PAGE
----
Category Archives: College of Health Sciences

TSU nursing director elected to Tennessee Nurses Association board

NASHVILLE, Tenn. (TSU News Service) – Tennessee State University’s School of Nursing Executive Director and Professor, Dr. Courtney Nyange, has been elected to the Tennessee Nurses Association (TNA) Board of Directors.

Nyange will serve as the Director of Practice for the Tennessee Nurses Association. As the Director of Practice, she will have general oversight for the review and analysis of practice trends, scope of practice, and environmental issues for Tennessee nurses. The purpose is to establish task forces to develop actions to address identified issues and make recommendations to the Government Affairs committee.

“I’m very excited about this opportunity and I’m honored to serve my community, the nursing profession, and the State of Tennessee in this role,” Nyange said. “My intent is to better the practice environment for current and future nurses in Tennessee by promoting evidence-informed practice actions.”

Nyange said serving in her role at TSU has afforded her the opportunity to be at the forefront of not only nursing education but also nursing practice in Tennessee. Nyange was also selected as a participant in the Leadership Tennessee Next Class VIII. Her accolades don’t stop there.

Last year, Nyange was also selected as the first at TSU to receive this honorable recognition as a Rising Star by the TNA, the Tennessee Hospital Association, and the Tennessee Action Coalition for her outstanding leadership in the nursing profession. She noted that these achievements are complementary to one another. “Participating in the Leadership Tennessee NEXT program affords me an opportunity to create cross-state, cross-sector networks, learn about Tennessee’s strengths and challenges, and prepare to serve my local and professional communities,” she said.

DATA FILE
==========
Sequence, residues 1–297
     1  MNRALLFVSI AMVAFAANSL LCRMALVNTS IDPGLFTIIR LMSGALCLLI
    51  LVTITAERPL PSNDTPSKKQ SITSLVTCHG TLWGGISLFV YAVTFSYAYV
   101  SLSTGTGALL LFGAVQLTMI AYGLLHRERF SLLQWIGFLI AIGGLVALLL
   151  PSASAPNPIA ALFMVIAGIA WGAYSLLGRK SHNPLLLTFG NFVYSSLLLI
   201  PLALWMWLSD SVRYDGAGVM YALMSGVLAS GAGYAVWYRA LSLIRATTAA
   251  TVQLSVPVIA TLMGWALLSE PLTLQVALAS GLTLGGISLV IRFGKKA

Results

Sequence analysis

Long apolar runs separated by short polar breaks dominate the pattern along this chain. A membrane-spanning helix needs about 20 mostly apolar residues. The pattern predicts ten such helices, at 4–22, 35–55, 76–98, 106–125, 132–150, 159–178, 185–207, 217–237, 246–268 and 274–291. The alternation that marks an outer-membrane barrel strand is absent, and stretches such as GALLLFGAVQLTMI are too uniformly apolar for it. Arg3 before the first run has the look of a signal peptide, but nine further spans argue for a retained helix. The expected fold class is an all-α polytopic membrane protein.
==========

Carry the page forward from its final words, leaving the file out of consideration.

Given that minority nurses are underrepresented in Tennessee and in the nursing profession, Nyange talked about the magnitude of this role, serving the community all while being a representation for HBCUs.

“I am able to bring the minority nurse perspective into this role and be a voice and advocate for minority nurses in Tennessee, and I am thrilled to be able to do so,” she said.

Nursing is the nation’s largest healthcare profession, with nearly 5.2 million registered nurses nationwide, according to the American Association of Colleges of Nursing.